To enter and read complete rules visit

source: Ohio Department of Natural Resources

Monday, June 27, 2011

Ohio Lake Erie Commission 2011 Photo Contest

Amateur photographers who want to capture images of Lake Erie life can enter the Ohio Lake Erie Commission (OLEC) 2011 photo contest. Winning images will be displayed as part of a traveling exhibit and in an online photo gallery.

The 2011 “Life on Lake Erie” photo contest is open to amateur photographers, age 18 and older. Photographs taken between July 9, 2010 and July 8, 2011 in and around the Lake Erie watershed can be submitted to the OLEC through July 14, 2011.

Submissions must be the original work of the photographer and can portray sustainable use, development or protection of Ohio’s Lake Erie coastal resources. They can incorporate shoreline landscapes, wildlife, plants or even people enjoying various coastal activities.

Digital photos must be minimum 300 dpi (600 dpi preferred) and in jpg or tif format, sized to 5 x 6. Up to five entries are allowed per household with all photos submitted on a CD. All submissions become the property of the Ohio Lake Erie Commission.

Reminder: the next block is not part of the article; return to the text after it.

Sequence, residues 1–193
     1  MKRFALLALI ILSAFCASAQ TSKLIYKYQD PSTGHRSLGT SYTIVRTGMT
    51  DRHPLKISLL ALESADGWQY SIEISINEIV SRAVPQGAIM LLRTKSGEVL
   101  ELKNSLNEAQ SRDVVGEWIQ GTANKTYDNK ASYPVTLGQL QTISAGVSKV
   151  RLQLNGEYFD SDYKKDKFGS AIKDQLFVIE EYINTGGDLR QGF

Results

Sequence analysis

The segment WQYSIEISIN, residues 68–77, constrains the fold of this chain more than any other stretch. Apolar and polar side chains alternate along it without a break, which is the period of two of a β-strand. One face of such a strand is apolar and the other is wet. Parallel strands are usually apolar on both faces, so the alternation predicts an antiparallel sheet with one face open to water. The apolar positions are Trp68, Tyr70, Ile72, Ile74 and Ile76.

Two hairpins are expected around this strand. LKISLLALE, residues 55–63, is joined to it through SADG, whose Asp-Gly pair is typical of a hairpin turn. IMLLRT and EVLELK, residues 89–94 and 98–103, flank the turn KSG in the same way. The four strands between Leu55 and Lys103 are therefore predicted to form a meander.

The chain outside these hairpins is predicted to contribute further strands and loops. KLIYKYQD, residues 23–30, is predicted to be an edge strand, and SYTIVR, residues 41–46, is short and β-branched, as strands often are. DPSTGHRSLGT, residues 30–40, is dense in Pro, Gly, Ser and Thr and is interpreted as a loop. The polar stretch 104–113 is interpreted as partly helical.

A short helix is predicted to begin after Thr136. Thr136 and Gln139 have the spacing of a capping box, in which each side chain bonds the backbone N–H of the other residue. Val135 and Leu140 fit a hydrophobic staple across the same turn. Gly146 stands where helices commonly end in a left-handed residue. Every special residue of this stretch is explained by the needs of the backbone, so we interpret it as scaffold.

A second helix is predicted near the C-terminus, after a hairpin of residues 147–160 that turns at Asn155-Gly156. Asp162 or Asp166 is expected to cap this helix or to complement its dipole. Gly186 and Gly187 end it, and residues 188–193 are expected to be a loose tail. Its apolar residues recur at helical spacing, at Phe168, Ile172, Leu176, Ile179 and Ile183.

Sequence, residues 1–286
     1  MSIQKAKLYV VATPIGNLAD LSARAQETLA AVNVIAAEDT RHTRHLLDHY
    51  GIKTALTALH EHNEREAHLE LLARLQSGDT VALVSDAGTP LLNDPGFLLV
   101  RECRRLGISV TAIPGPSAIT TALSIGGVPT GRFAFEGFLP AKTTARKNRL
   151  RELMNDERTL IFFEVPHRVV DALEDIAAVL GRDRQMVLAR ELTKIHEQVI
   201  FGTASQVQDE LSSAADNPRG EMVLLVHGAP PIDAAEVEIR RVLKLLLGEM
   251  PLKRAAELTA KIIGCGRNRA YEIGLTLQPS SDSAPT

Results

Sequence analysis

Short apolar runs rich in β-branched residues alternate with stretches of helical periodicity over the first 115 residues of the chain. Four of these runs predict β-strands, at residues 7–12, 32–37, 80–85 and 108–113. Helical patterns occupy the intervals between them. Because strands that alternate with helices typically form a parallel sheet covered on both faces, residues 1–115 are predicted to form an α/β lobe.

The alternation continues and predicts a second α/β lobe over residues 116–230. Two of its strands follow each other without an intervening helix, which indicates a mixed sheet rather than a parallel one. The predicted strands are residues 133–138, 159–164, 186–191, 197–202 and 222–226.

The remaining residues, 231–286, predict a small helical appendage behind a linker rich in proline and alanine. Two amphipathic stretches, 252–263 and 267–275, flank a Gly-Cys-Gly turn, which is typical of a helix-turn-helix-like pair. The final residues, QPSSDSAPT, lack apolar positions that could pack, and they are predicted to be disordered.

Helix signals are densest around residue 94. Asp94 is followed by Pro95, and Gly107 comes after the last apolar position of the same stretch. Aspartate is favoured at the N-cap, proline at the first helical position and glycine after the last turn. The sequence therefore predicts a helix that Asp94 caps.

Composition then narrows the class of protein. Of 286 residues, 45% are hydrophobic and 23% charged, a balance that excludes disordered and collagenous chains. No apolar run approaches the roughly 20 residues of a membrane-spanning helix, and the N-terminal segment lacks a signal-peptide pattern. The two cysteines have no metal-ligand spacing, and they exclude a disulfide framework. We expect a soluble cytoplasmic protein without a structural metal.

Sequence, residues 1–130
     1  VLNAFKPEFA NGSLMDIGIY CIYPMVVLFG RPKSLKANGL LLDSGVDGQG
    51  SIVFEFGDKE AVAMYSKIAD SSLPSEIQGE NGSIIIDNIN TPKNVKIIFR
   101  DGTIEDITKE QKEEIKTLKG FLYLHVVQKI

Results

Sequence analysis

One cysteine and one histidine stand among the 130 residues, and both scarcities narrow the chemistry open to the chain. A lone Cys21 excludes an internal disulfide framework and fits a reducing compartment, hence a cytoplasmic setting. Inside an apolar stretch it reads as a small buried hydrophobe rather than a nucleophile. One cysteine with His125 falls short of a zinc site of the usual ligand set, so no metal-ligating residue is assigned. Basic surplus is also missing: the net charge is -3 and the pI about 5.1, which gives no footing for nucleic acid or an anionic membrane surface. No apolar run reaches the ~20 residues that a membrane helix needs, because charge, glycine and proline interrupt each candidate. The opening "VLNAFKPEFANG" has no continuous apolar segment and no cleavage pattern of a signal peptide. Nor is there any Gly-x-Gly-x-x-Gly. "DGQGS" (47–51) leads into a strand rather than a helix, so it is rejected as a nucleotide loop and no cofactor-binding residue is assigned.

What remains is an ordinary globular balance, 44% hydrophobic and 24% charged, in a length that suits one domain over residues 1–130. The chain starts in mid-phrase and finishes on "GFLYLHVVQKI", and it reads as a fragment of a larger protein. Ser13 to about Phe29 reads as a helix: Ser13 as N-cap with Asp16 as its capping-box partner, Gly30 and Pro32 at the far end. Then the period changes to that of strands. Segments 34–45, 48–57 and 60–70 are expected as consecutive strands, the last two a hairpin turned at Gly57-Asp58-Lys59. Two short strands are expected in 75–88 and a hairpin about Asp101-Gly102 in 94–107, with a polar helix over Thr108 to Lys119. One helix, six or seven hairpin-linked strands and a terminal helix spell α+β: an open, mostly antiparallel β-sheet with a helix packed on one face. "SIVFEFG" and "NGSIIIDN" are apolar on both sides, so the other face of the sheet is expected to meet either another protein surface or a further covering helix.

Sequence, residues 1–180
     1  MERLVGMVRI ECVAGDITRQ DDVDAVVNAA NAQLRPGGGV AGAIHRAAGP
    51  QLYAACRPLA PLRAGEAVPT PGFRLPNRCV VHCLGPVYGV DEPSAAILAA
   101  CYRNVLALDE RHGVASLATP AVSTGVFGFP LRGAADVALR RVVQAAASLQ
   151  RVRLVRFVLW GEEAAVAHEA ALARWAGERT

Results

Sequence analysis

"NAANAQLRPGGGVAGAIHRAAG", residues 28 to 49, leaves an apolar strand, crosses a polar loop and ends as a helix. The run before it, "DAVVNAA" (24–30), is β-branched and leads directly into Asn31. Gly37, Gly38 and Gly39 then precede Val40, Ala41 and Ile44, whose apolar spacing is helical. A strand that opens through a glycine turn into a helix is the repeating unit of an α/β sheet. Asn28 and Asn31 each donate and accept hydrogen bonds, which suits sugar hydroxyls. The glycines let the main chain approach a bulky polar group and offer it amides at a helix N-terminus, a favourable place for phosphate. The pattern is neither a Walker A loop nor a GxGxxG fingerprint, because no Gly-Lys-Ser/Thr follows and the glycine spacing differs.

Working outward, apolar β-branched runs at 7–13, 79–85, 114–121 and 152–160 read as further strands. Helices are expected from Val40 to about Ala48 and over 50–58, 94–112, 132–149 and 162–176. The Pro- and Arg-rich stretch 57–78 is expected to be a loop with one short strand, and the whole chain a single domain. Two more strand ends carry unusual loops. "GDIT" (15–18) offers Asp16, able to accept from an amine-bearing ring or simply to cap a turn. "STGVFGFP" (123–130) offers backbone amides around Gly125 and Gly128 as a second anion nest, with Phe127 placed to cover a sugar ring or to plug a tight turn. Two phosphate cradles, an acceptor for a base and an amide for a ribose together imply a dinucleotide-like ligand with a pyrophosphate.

To enter and read complete rules visit:

source: Ohio Department of Natural Resources

Saturday, April 16, 2011

Red Salmon Logos - Artwork

By far the most colorful of the Pacific salmon species is the red (sockeye) salmon. During their ocean phase, adult red salmon exhibit bright silver coloration, with a dark tail. Unlike Chinook or cohos, ocean run red salmon lack black spots.

When these fish begin their spawning migration, they undergo remarkable changes. Their body coloration changes to velvety red, contrasted by their greenish heads and tails.

From late summer thru fall, red salmon return to rivers and streams of the Pacific Northwest. Adults returning from sea usually weigh from 4 to10 pounds. Because of their remarkable beauty, red salmon are often photographed or illustrated by outdoor artists.

Red salmon and other freshwater, saltwater and anadromous fish logos are available at fish_fishing_seafood. Most artwork is available in either pre-titled or untitled versions. Untitled artwork from this online store is fully customizable, allowing businesses, clubs or other organizations add captions of text to a design. In addition to entering text, buyers can resize, move or add to artwork during the customization process.

These are a few samples of red (sockeye) salmon artwork:

Monday, April 4, 2011

2011 New Bedford Working Waterfront Festival Logo Contest

The Working Waterfront Festival in New Bedford Massachusetts has announced its annual design contest. Artists 16 years and older are invited to submit a creative design for the 2011 Festival. Designs will be used for the Festival t-shirt, poster and program guide.